I was ticked! I admit it. For some bizarre reason my wife doesn’t always think the way I do. I had no question in my mind that she was wrong, but the decision was now mine. What to do with the situation? Should I continue to sulk and steam, or perhaps lash out in anger? Or would there be a more loving way for me to deal with my hurt and frustration?
Each of us faces similar decisions on a regular basis with a variety of relationships. In most cases we don’t recognize that a decision is being made. We’re just offended or hurt or angry or all of the above. As a result we simply do what comes naturally and in most circumstances what comes naturally only makes matters worse.
Over the next 3 weeks I’ll highlight a few ABC’s of conflict resolution. They really are fundamental in their essence, but unfortunately too often we still attend preschool when it comes to dealing with interpersonal conflicts.
Attitude – The manner and heart with which we approach relationship conflicts can have a huge impact on the outcome of the circumstances. If it’s all about me, reconciliation will be elusive. A primary goal should be to deal with our personal hurts and frustrations in a manner that honors God and benefits others involved. If we care more about our rightness than our relationships, we are in trouble.
Sometimes emotions run high and it’s best to take a little time to cool off to avoid saying something regrettable. Each situation with each person is unique, and so contributing factors need to be weighed in choosing the appropriate time to proceed.
It’s also critical to take some time to consider the other individual’s perspective and to see if perhaps there was something you did or said to hurt or offend the other person. We all have a tendency to magnify the faults of others while minimizing our own missteps.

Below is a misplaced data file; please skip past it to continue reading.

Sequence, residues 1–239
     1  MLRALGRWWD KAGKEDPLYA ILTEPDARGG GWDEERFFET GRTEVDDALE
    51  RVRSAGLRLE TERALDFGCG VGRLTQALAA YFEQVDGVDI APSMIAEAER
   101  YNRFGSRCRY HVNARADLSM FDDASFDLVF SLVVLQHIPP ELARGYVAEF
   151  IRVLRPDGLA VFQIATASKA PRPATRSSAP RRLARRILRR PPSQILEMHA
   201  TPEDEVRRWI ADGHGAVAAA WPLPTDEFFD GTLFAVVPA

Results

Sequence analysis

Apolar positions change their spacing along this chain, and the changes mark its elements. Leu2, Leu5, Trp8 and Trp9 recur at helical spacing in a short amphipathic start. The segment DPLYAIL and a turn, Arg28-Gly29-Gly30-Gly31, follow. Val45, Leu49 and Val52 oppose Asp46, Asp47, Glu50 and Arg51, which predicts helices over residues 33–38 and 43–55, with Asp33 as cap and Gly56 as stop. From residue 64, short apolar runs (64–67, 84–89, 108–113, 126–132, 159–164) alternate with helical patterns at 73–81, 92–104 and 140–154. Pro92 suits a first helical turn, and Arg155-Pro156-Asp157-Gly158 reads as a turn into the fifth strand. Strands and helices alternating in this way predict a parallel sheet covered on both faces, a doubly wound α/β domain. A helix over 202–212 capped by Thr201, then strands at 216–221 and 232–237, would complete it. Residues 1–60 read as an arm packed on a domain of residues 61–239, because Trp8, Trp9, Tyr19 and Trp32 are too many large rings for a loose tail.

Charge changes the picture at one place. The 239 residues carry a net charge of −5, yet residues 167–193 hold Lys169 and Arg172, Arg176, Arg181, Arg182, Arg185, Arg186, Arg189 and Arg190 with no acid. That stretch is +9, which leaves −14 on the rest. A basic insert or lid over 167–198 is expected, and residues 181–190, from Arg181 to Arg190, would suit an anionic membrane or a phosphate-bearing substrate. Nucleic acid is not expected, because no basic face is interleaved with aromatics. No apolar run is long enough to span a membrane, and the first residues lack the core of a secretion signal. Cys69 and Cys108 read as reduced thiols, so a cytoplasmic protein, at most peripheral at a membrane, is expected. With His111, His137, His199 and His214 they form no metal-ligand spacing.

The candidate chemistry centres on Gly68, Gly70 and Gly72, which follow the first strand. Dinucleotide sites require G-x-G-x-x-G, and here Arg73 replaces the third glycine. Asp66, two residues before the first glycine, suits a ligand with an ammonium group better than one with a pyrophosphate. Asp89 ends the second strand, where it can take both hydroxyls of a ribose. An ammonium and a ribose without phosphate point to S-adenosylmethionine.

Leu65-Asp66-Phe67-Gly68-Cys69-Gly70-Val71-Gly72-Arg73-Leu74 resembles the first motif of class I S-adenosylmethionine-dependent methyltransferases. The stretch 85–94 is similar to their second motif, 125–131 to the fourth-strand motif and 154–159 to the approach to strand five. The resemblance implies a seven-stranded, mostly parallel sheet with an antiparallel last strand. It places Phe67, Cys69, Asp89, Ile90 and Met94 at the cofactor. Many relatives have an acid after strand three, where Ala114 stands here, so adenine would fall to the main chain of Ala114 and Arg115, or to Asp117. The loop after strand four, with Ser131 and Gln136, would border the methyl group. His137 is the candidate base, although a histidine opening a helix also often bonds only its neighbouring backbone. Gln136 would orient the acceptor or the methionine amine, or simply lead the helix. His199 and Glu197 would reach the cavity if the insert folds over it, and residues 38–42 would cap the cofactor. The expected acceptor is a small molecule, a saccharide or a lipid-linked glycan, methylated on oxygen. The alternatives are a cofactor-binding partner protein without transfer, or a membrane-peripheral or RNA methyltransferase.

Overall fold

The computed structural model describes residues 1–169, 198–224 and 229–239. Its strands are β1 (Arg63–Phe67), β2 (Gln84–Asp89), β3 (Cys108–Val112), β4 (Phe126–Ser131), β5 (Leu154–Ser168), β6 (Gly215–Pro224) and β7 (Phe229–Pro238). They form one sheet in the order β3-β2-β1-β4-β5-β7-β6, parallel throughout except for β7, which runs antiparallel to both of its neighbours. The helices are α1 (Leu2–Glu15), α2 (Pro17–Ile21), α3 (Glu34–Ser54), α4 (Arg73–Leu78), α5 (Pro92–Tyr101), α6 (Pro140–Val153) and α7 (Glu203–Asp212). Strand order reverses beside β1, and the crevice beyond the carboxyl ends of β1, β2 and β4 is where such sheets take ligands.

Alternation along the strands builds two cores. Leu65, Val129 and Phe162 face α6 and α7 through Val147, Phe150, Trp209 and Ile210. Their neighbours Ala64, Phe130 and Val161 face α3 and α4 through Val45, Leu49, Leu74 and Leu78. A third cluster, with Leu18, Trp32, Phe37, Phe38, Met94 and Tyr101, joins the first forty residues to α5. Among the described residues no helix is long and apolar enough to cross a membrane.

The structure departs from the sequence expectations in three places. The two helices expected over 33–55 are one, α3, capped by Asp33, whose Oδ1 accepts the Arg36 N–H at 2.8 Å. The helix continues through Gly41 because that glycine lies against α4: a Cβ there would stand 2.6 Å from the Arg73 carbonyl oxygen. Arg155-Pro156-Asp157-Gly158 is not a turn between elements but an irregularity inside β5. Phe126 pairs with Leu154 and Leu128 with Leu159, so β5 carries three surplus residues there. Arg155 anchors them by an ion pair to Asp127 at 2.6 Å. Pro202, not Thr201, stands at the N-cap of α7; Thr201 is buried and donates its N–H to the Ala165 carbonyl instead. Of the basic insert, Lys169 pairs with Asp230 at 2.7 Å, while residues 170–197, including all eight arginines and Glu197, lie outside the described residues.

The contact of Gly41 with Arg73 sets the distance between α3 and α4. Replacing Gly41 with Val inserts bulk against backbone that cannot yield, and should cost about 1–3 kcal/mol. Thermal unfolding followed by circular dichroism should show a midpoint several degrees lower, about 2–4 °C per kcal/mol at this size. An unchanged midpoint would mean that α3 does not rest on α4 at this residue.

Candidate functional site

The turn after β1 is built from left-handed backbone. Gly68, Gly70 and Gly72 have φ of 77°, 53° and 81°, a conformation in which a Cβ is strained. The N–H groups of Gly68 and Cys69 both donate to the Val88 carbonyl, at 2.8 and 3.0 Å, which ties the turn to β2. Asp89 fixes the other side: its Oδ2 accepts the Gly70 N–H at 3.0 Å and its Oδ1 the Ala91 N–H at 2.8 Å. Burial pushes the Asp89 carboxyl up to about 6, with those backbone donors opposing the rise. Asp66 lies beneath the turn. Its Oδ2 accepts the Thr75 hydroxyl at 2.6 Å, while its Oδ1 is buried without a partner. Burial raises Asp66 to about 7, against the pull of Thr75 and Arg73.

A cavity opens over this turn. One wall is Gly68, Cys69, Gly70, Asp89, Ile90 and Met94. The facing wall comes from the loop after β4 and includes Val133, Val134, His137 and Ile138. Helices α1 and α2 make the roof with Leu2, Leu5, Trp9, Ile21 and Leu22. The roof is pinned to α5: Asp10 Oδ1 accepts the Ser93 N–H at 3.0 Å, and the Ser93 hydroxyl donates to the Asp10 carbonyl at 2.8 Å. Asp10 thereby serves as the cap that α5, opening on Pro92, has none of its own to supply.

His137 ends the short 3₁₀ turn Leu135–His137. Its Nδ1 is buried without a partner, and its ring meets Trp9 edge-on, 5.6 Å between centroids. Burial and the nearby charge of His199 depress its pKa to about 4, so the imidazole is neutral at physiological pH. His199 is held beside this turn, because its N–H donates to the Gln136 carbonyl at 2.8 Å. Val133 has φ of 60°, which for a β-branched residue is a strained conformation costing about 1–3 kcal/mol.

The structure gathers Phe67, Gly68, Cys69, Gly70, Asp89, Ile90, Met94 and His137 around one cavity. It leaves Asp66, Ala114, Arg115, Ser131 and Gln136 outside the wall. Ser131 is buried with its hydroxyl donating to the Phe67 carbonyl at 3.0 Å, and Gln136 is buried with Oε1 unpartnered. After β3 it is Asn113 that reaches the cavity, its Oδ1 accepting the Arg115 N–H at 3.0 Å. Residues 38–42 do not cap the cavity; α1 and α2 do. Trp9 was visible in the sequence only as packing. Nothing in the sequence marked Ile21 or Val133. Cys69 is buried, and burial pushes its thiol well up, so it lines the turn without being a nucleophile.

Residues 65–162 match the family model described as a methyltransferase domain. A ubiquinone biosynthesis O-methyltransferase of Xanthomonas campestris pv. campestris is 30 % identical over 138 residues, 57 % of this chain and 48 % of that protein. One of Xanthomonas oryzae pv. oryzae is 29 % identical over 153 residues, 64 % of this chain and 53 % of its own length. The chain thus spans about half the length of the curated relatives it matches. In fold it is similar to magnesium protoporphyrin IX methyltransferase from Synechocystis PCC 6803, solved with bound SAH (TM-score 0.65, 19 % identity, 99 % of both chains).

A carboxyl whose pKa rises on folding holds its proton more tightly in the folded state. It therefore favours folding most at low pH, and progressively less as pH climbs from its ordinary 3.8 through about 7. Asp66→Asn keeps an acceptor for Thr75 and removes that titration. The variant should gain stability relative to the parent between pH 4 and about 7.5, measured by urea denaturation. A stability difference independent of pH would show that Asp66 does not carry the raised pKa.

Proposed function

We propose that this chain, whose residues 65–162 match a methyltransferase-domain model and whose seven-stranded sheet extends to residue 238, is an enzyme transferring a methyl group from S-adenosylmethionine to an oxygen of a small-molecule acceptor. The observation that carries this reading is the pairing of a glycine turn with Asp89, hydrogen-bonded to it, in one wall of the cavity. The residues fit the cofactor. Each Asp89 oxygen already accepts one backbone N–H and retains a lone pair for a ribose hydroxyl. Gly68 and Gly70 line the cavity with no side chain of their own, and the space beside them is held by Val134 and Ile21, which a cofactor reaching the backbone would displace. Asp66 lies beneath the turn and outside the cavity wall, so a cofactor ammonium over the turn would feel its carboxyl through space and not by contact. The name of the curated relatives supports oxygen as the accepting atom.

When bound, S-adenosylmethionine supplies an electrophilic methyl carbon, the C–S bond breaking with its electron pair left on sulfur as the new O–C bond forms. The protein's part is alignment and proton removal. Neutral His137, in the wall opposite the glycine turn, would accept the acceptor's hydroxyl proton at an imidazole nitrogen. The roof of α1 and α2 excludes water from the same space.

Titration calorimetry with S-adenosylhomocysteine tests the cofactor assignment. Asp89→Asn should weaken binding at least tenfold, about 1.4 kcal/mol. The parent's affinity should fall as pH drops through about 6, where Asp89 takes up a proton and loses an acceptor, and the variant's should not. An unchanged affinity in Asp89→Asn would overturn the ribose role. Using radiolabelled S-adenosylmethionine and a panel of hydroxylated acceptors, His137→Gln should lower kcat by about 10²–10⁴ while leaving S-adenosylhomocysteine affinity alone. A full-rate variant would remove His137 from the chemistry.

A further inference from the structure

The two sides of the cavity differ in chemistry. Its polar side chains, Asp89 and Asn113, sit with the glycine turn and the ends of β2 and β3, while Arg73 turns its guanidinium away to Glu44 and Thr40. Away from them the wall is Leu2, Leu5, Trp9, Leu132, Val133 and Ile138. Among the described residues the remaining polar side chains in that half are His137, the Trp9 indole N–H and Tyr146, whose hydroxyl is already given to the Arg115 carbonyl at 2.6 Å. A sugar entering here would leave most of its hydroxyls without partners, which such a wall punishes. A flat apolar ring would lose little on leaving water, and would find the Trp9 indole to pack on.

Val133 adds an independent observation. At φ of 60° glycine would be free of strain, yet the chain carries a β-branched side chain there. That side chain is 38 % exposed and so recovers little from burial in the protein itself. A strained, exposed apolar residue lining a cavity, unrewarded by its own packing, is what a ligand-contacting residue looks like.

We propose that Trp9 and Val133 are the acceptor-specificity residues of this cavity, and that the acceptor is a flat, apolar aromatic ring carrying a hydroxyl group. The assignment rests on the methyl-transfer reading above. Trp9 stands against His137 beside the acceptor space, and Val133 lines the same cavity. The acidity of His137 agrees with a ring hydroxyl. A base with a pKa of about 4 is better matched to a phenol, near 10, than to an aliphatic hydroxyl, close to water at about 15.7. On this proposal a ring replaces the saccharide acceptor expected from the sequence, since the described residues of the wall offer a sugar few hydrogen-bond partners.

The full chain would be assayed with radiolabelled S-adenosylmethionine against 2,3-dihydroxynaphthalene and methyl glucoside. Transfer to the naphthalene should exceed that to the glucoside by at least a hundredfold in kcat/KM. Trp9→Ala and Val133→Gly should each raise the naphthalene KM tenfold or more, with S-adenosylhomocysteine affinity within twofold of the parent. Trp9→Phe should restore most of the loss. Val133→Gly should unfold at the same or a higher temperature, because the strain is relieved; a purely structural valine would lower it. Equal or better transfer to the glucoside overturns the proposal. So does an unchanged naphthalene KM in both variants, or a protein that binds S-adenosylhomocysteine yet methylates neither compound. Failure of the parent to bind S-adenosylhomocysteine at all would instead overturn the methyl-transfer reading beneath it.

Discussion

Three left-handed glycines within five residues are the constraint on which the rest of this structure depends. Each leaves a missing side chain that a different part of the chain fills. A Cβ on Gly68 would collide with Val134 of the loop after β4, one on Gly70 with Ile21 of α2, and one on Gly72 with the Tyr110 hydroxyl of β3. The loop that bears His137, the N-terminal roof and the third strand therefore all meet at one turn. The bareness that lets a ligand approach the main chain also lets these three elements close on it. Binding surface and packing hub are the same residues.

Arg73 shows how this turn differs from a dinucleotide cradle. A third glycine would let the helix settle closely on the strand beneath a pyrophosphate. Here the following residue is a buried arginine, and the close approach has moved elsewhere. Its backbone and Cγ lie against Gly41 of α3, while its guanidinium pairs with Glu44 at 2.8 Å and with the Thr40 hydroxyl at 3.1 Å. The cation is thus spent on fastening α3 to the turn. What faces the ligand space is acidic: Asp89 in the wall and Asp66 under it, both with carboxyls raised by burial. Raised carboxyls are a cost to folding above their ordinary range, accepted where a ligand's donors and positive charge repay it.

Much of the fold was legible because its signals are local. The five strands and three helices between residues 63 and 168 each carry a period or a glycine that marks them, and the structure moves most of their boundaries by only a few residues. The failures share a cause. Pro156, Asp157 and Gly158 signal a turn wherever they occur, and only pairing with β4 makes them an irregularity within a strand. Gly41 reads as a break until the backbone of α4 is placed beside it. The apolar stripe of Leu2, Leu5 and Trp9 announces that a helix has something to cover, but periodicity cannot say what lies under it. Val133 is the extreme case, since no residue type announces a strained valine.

Depending on the seriousness of the situation, fasting is one of the most powerful things you can do to help bring resolution. Yes, you read me right—fasting—as in not eating food.
I have found great value in skipping a meal or two and taking the time to seek God’s face through prayer and the Scriptures. When I come before God in my weakness, everything begins to come into perspective. Inevitably I find myself confessing my sins before God and something miraculous takes place. My heart begins to soften and my attitude toward the other person starts to change. As a result I’m better able to communicate with gentleness and graciousness.
I realize that such an approach makes for a radical departure from our natural way of doing things, but we are not called to be a natural people. I think that the divorce rate among professing Christians would drop dramatically if we took a more supernatural approach that welcomes and invites God to work in our circumstances.
If we would only be willing to first search our own hearts and humble them before God, we will find our interpersonal relationships to be much richer and far longer lasting.
One other tip–when you fast and pray about a relationship conflict, you may want to eat before talking with the person.